ROCHESTER, Minn., Jan. 17 (UPI) -- The U.S. Food and Drug Administration approved a clinical trial of heart failure patients to determine if using stem cells improves the heart, researchers say.
Dr. Andre Terzic, director of the Mayo Clinic's Center for Regenerative Medicine in Rochester, Minn., said the decade-long project using stem cells to repair -- "cure" -- damaged heart tissue could have implications for millions of Americans with heart disease.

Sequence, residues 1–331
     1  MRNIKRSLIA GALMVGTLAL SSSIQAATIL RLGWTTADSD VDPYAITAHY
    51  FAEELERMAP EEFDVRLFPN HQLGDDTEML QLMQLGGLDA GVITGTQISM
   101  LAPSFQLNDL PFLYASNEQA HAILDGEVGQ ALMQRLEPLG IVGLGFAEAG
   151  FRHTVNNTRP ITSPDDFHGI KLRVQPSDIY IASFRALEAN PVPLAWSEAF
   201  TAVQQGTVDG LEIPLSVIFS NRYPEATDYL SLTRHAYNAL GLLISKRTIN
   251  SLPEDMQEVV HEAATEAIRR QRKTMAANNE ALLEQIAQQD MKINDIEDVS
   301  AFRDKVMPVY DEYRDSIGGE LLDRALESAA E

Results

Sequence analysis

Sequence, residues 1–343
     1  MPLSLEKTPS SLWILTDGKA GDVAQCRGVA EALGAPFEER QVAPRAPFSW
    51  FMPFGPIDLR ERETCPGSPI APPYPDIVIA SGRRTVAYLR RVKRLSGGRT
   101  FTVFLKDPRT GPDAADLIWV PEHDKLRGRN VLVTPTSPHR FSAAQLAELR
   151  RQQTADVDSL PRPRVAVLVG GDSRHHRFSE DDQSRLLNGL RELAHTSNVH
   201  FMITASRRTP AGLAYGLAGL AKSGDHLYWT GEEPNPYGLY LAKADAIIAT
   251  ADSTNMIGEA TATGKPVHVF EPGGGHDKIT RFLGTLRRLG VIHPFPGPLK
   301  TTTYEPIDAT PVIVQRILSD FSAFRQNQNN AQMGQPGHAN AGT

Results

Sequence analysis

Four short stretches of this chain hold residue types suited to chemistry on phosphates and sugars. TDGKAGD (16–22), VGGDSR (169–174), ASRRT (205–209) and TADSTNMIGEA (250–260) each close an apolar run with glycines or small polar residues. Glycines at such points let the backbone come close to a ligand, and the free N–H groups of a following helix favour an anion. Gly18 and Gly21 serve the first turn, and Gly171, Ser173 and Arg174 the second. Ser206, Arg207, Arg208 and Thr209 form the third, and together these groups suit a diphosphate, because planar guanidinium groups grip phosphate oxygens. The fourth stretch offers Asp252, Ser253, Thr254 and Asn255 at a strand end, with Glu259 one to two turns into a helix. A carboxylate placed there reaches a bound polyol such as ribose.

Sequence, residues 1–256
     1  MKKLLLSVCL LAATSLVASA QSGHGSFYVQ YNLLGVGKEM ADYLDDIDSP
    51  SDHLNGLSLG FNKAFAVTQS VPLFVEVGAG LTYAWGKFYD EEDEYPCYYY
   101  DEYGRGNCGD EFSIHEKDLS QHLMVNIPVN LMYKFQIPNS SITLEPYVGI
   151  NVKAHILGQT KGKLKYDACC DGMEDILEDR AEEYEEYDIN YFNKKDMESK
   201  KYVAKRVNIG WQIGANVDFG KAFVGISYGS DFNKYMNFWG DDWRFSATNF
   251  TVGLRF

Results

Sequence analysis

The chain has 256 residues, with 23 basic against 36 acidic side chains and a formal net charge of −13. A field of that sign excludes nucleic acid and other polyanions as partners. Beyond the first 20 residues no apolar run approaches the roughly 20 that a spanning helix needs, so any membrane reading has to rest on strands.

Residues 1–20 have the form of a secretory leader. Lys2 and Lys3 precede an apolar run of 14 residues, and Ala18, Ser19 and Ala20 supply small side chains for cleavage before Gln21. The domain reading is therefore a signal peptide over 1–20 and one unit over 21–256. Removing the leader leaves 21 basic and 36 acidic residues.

The trial is scheduled to involve 240 heart failure patients from 40 hospitals in Europe and Israel.
The procedure could be a "paradigm shift" in the treatment of heart disease, Terzic told the (Minneapolis) Star Tribune.
The process, developed in collaborations with Cardio3 BioSciences of Belgium, involves harvesting stem cells from a patient's bone marrow in the hip, directing the cells to become "cardiopoietic" repair cells, then injecting them back into the heart to repair heart damage.
Dr. Atta Behfar, a researcher on Terzic's team, isolated hundreds of proteins involved in the transcription process that takes place when stem cells are converted to heart cells and identified eight proteins crucial to the process.
Early results are expected in 2015.